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Lebanese politicians express solidarity with Iraq Christians

Future Movement MP Atef Majdalani speaks during an interview in Beirut. (The Daily Star/File)

BEIRUT: Lebanese politicians and Christian leaders reiterated their concern Wednesday over the exodus of Christians from Iraq’s city of Mosul. A Future Movement delegation visited Chaldean Bishop Michel Kassarji at the Chaldean Archdiocese in Baabda to express their solidarity with the Christians of Iraq, the majority of whom belong to the Chaldean Church, the National News Agency reported.

After holding Mass last Sunday, Kassarji passionately described the plight of Mosul’s Christians, some of whom have fled to Lebanon.

“We came here to express our solidarity with our Christian brethren in Iraq who were persecuted and displaced at the hands of terrorist groups that committed ugly crimes against them, amounting to crimes against humanity,” said MP Atef Majdalani, who headed the delegation, after the meeting.

Iraqi Christians have been fleeing Mosul in hordes after ISIS threatened to convert them to Islam and pay a special levy, or leave and avoid certain death.

“We have been informed about the sufferings of Christians not only in Iraq, but also in the host countries, especially Lebanon,” Majdalani said.

The MP called for the provision of more aid needed by Iraqi refugees and said Parliament’s Health Committee would meet in a week’s time to discuss the issue of Christian refugees from Mosul with the ministers of health, interior and social affairs.

Kassarji called on the Future delegation to bring the plight of Mosul’s Christians to the attention of senior officials. He also emphasized that “Christian refugees should be treated in the same way as Syrian refugees.”

The Daily Star had interviewed a number of refugee families who said they had left Mosul for fear of persecution at the hands of the Islamic State of Iraq and Greater Syria, which recently changed its name to the Islamic State.

In Lebanon, Iraqi Christians complain of the lack of employment opportunities, citing competition with an already overwhelming number of Syrian refugees, and lack of international support.

Mosul is said to be the heart of the Christian faith in the region. In an effort to assuage their desperate circumstances, France announced Monday its willingness to offer asylum to Iraqi Christians.

“We are providing aid to displaced people fleeing from the threats of Islamic State and who have sought refuge in Kurdistan. We are ready, if they wish, to facilitate their asylum on our soil,” France’s foreign and interior ministers said.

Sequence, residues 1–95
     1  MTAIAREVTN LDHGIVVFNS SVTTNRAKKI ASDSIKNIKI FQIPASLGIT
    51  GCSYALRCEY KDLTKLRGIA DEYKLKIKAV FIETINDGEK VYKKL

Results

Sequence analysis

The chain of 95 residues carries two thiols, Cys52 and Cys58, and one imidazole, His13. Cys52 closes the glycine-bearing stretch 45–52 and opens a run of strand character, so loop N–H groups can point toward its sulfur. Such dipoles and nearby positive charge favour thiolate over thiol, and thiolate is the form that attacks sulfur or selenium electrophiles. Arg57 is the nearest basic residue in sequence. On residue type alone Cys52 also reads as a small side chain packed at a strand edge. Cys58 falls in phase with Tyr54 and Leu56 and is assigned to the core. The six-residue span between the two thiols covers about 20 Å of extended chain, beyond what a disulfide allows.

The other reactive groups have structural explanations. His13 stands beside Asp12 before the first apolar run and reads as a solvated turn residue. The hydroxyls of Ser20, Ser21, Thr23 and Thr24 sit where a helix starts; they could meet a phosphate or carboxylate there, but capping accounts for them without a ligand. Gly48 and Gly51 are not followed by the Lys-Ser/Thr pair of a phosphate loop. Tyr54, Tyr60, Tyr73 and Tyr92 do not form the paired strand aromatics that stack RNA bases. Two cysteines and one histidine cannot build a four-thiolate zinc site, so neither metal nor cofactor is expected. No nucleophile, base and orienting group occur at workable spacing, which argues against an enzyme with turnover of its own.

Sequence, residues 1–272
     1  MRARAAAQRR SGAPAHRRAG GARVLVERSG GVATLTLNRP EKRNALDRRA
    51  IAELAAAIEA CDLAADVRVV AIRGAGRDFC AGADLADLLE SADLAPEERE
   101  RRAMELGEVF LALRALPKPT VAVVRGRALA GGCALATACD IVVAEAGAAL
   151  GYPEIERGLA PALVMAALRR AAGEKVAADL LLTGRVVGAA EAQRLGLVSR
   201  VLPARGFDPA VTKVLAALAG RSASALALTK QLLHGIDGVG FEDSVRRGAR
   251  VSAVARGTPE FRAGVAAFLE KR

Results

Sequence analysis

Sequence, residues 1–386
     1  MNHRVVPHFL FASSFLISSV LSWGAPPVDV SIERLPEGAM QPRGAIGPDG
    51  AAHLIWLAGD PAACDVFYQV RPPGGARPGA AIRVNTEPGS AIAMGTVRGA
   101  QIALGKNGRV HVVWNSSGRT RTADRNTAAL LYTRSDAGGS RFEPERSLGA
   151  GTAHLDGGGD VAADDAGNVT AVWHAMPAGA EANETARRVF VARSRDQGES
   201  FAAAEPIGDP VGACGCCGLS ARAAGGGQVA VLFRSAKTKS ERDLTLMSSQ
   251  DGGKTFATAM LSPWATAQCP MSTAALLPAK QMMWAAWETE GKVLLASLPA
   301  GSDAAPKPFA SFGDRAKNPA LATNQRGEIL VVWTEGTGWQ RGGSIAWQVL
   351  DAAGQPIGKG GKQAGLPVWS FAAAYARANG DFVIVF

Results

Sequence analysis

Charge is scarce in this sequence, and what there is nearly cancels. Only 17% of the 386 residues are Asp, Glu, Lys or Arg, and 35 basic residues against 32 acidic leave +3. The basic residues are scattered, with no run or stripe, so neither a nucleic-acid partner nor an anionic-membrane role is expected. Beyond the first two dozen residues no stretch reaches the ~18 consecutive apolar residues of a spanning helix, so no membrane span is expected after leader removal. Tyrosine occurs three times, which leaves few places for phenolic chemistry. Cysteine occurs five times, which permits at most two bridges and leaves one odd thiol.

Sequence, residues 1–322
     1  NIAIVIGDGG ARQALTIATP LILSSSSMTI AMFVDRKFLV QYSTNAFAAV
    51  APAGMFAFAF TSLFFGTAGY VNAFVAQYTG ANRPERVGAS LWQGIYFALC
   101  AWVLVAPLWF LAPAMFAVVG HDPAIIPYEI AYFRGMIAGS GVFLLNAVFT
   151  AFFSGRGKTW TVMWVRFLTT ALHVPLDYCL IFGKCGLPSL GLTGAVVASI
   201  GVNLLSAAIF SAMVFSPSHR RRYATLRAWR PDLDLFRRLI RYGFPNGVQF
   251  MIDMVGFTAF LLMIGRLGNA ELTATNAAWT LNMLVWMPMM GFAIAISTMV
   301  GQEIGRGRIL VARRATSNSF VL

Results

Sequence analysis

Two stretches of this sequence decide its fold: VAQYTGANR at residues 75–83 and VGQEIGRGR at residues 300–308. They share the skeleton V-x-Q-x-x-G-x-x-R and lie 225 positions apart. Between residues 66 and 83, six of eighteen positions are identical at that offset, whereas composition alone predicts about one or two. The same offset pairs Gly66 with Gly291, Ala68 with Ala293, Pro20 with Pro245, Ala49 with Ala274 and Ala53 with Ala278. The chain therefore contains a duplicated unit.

“Helping the people of the Levant, Christians and Muslims, can be done by uprooting terrorism from their lands and stopping all sources that nurture takfiri groups,” said the Greek Orthodox Church of Antioch and the Levant Wednesday.

The church has strongly criticized France’s offer to grant Iraqi Christians political asylum, describing the move as an attempt to empty the region of Christians. It said the only place Iraqi Christians would feel at home was in their homeland. Greek Catholic Patriarch Gregorius Lahham III expressed a similar stance.

“We do need someone to receive us, but we need someone to help us stay in our land. Help us fight terrorism and takfiri groups, end this arms race which only serves to benefit these groups,” Lahham told Tele Lumiere earlier this week.

“We want to be in our land and living alongside our Muslim brothers, despite all the problems,” he added.

Yet, the recent developments have sparked tensions and reopened dormant historical disputes between Christians and Muslims.

“What’s happening in Iraq is a strange thing, but it is normal for Muslims, because they have never treated Christians well,” said Syriac Orthodox Bishop of Mount Lebanon and Tripoli George Saliba Wednesday, Elnashra.com reported.

Such claims, with their strong sectarian dimension, have alarmed moderates, prompting Lebanon’s General Coordinator of the Islamic Work Front Sheikh Zouheir Al-Joaid to respond directly to Saliba’s remarks.

“These are defamations against Islam, its beliefs, and what the Quran said about our master Issa the Christ, peace be upon him,” Joaid said, stressing that all moderate Muslim authorities had condemned the jihadists’ actions.

 
A version of this article appeared in the print edition of The Daily Star on July 31, 2014, on page 3.

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